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Jul. 21 2010 - 6:59 pm | 135 views | 0 recommendations | 1 comment

Chinese investors look to Brazil for farmland, water

Here’s more news that in the new global economy populous China and commodity-endowed Brazil may become inextricably linked: well-financed Brazilian land investment group Agrifirma, backed by UK-based investors Ian Watson and Jim Slater, along with Jacob Rothschild, has secured major backing in Hong Kong.

Why does this triangulation make sense?

Because Hong Kong investors see a future for land and water-rich Brazil as the world’s breadbasket, and recognize China’s need to have its eye on foreign sources for foodstuffs. Here is a piece of the FT story that broke this news:

Ian Watson, Agrifirma Brazil’s London-based chairman, said: “The wealth in the developing world is going to cause foodstuffs to go up in price.” He noted that Brazil had 14 per cent of the world’s freshwater resources, while China’s populous northern provinces and cities were perennially parched. “When you export agriculture you are exporting water.”

(Agrifirma) has raised $179m to date, including investments from two Hong Kong tycoons – Raymond Kwok and Adrian Fu – and Lake House, an investment group.

“There is a shortage of farmland in China itself,” said Mr Fu, a hotel developer. “Eventually China will have to go abroad to source crops.” The Kwok family controls Sun Hung Kai Properties, Hong Kong’s largest property developer.

Agrifirma, which already controls some 70,000 hectares in western Bahia state (about one-fifth the size of Rhode Island), was considering an IPO in Hong Kong, the FT story reported. But a subsequent statement on Agrifirma’s website says the IPO, when it comes, could be held in Hong Kong, Toronto, São Paulo, London, or elsewhere.

Here’s the rest of the statement from Watson, chairman of Agrifirma:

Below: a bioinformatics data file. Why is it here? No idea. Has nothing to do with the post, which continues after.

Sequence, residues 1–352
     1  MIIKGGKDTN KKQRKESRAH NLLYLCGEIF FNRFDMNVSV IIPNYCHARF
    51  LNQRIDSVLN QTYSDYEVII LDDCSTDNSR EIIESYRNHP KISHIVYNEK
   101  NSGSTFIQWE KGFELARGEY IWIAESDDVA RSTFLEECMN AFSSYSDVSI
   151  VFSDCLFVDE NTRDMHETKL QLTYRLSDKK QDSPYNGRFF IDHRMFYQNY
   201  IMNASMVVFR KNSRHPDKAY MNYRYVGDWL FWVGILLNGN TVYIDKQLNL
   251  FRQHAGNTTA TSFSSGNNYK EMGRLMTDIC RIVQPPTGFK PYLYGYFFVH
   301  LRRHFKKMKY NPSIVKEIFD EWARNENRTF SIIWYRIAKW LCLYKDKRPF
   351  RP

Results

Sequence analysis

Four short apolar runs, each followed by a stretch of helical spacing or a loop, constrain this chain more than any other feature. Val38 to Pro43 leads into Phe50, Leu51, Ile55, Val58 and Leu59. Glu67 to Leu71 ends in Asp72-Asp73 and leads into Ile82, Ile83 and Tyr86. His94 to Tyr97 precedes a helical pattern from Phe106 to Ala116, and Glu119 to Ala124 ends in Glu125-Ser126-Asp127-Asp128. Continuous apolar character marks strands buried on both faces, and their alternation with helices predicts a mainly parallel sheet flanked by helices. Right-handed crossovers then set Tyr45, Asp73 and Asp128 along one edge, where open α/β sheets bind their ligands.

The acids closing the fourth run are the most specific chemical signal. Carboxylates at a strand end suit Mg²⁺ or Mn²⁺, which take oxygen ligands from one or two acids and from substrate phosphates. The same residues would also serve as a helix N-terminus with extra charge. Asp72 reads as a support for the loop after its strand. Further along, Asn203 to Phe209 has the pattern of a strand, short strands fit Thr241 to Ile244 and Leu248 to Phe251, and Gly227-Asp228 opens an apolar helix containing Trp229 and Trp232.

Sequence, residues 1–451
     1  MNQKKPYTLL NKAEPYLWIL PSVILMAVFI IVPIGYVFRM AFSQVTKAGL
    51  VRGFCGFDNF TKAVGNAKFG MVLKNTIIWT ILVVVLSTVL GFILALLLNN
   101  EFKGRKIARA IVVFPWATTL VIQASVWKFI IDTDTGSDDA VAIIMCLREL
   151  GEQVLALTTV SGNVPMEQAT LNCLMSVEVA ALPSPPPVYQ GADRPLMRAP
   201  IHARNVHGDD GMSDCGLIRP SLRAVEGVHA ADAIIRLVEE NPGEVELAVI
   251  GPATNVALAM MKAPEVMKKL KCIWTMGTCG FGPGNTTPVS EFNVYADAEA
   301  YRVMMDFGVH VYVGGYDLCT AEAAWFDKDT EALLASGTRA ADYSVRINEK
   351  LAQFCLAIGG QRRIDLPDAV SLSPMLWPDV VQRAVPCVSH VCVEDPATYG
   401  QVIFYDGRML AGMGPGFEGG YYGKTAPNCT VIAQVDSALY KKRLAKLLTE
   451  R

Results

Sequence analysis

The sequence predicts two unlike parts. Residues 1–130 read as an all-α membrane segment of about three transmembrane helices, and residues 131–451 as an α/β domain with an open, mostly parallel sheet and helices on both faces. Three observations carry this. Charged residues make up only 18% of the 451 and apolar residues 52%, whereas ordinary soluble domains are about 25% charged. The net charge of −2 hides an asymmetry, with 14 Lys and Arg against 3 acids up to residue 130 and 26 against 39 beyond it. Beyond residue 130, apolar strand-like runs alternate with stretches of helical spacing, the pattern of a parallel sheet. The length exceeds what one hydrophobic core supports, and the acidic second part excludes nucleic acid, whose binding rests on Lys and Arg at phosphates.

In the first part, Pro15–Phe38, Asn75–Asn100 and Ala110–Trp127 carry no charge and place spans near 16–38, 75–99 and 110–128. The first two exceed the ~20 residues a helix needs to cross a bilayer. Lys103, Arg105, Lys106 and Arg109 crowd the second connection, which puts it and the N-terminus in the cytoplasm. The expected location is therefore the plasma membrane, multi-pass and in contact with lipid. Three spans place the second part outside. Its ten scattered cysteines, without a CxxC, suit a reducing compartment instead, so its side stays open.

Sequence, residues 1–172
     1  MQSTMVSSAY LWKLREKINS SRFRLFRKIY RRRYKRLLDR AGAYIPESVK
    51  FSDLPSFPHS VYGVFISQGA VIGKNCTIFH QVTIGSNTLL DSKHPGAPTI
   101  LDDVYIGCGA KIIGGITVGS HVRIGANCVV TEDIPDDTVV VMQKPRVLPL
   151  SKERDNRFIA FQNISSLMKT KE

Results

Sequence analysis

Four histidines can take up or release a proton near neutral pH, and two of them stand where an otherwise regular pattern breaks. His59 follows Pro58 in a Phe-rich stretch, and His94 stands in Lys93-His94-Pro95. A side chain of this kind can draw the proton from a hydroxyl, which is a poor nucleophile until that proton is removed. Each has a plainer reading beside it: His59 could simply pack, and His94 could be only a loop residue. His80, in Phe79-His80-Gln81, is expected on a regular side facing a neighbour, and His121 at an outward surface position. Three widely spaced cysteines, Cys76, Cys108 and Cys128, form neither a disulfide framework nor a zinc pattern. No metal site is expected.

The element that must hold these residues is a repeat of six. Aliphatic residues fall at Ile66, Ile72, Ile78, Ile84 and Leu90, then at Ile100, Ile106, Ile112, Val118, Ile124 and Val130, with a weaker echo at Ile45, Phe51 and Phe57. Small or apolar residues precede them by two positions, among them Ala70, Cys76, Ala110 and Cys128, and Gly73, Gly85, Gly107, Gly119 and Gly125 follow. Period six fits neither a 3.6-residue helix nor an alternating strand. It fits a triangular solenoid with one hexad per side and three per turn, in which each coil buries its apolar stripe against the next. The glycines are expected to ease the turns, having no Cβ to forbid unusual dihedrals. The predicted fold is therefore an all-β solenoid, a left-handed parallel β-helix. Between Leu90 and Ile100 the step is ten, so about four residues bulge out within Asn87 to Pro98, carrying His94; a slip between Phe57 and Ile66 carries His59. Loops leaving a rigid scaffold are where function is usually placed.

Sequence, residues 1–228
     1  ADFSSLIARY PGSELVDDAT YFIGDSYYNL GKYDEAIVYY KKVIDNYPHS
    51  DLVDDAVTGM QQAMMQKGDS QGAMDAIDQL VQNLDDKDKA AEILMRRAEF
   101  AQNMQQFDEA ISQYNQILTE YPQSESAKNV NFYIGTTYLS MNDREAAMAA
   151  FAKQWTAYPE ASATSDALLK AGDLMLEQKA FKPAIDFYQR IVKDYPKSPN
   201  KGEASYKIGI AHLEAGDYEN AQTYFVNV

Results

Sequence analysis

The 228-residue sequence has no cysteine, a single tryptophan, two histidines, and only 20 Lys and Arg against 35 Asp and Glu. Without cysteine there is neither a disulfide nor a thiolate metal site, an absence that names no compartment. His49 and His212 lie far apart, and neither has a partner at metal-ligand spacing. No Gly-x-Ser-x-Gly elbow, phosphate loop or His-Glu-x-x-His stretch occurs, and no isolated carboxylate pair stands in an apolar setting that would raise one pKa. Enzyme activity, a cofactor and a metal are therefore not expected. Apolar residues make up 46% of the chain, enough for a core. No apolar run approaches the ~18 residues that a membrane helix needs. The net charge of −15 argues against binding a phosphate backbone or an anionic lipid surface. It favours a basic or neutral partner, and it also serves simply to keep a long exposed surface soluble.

Our recent visit to the Far East has been very productive. Given the rising demand for foodstuffs across the developing world, there is a lot of interest in our strategy of transforming undeveloped land in Brazil into productive farmland. The company’s operations are making good progress … No decision about where or when to list the shares has yet been made however.

It’s tempting to raise immediate questions about whether these UK and Hong Kong-based investors scooping up swaths of scrub-land for agricultural use are bulldozing the environment in the process. But a prior FT story on Agrifirma quotes a representative with The Nature Conservancy in Brazil praising the firm as a “new act” that “wants to do the right thing.”


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    Readers, thanks for your eyeball time, please send tips, corrections, complaints, rants, etc. My email is ballve [at] gmail.com. I was born in Buenos Aires and raised there and in Atlanta, Mexico City and Caracas. I've written and reported on Latin America for almost a dozen years. I started out as an Associated Press reporter and editor in the agency’s Brazil and Caribbean bureaus. In 2007 I co-founded El Sol de San Telmo, a community newspaper in Buenos Aires. I am now a contributing editor for the nonprofit New America Media, Americas correspondent for Amsterdam-based Research World magazine (publication of the international association of market and public opinion researchers), and a 2010-2011 Lemann Fellow at the Columbia University School of International and Public Affairs (SIPA).

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